Communicating About Correlation and Causation

Alt: A newscaster doodle on TV says, “Studies show that putting a cat on your head causes cat head!” A doodle watching TV at home puts a cat on its head and looks confused.

Here at We ❤ Health Literacy Headquarters, we love to back up our health advice with solid research. And that means we’re always on guard against that most menacing of research sins — mistaking correlation for causation.

Of course, as health communicators, we like to think we can spot the difference a mile away. But let’s be honest: it’s easy — and even tempting — to conflate them. Spend enough time mining a broad data set, and you’ll see all sorts of tantalizing correlations that are just too good to be true. Red wine linked to heart health! Chocolate associated with winning Nobel prizes! And before you know it, you’re trying to guzzle and munch your way to a tip-top ticker and a major academic award.

So this week, we’re offering tips to keep ’em straight. First, a quick refresher:

  • Causation means we know that X causes Y to happen. In health research, proving causation is a pretty big deal. Think cigarettes-and-lung-cancer-level certainty.
  • Correlation means there’s a relationship between 2 things, but we don’t know what kind. Is X causing Y? Is Y causing X? Is there a sneaky Z factor waiting in the wings to muck up the whole equation?! We just don’t have the evidence to say for sure. Think the murkier waters around breastfeeding and breast cancer risk.

With that out of the way, there are 2 main things that will help you keep your causes far from your correlates in health materials. First, check the original source. Online news is notoriously click-baity when it comes to reporting the latest health-related studies. So don’t take someone else’s word for it! Instead, look at the original study and consider:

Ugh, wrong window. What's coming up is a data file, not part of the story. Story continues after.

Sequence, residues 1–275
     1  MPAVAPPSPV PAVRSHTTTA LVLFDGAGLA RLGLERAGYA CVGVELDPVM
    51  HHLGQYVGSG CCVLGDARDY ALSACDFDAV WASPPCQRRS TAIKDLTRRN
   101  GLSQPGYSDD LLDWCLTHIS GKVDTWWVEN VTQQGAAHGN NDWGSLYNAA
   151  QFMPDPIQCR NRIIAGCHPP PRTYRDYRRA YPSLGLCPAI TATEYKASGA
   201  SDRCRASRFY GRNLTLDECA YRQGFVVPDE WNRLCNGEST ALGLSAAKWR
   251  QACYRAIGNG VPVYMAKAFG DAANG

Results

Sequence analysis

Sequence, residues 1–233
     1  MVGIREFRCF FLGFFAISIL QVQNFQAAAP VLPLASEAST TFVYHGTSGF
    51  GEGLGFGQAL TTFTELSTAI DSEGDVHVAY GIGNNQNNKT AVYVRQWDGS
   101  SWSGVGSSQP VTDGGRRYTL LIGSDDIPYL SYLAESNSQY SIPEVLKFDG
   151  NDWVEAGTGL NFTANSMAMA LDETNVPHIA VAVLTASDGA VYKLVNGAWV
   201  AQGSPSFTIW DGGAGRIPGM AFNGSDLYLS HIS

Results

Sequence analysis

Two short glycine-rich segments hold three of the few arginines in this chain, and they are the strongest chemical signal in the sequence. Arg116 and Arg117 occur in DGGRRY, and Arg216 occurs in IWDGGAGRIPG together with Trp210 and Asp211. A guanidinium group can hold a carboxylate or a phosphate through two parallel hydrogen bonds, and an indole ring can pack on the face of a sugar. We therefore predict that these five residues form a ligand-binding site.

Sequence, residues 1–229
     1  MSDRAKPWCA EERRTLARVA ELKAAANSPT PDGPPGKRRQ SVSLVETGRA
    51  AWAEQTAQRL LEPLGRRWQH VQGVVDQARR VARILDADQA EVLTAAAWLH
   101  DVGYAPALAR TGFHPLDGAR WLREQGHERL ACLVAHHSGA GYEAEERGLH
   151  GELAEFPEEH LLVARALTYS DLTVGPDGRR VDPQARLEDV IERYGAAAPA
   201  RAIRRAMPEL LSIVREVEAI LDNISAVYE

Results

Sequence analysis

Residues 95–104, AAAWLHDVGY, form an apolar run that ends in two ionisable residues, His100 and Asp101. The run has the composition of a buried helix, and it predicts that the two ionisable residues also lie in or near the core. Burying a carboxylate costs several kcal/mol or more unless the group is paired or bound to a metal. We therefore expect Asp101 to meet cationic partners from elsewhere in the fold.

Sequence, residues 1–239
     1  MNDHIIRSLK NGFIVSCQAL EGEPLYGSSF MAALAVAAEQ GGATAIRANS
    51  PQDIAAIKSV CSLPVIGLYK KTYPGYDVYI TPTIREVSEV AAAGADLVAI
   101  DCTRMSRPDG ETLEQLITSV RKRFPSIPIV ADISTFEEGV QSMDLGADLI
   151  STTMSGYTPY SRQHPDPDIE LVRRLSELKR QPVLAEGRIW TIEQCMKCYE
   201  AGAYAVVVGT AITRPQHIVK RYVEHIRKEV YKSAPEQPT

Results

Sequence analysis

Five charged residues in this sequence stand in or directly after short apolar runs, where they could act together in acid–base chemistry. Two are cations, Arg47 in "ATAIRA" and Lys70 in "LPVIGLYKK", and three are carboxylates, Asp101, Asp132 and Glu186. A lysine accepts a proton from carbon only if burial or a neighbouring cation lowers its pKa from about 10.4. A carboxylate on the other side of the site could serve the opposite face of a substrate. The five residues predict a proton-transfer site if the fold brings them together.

• Were the researchers aiming to prove causation?
  • Was it a randomized controlled trial in a peer-reviewed journal (the gold standard for proving cause and effect)? Or was it an observational study that noticed an interesting relationship, but couldn’t prove the “why”?

This may well send you down an internet rabbit hole here and there, but it’s well worth it to make sure you’re not accidentally leading your dear readers astray, dear readers. (And this type of dutiful sleuthing can also help you avoid falling prey to pseudoscience.)

And once you’re sure you know what you’re working with, choose your words carefully.

  • If you’re writing about causation, knock yourself out with strong verbs like “Some types of HPV cause cervical cancer.”
  • If you’re writing about correlation, tone down the causality with a nice hedge-y approach like “breastfeeding may lower your risk for breast cancer” or “X is linked to Y.” (Don’t be alarmed — we know it’s passive voice. But every once in a while, the dreaded passive can serve a purpose.)

And while you’re at it, be upfront about any uncertainty. It’s better to tell your readers that experts just aren’t sure than to have to pull a U-turn in your health advice later on.

The bottom line: When writing about cause and effect in health materials, keep a tidy line between correlation and causation.

Tweet about it: It can be tough to draw a tidy line between causation and correlation in health materials. @CommunicateHlth has #HealthLit tips to help you write about cause and effect: #HealthLiteracyMonth

First Published at on 2020-10-02 01:36:37

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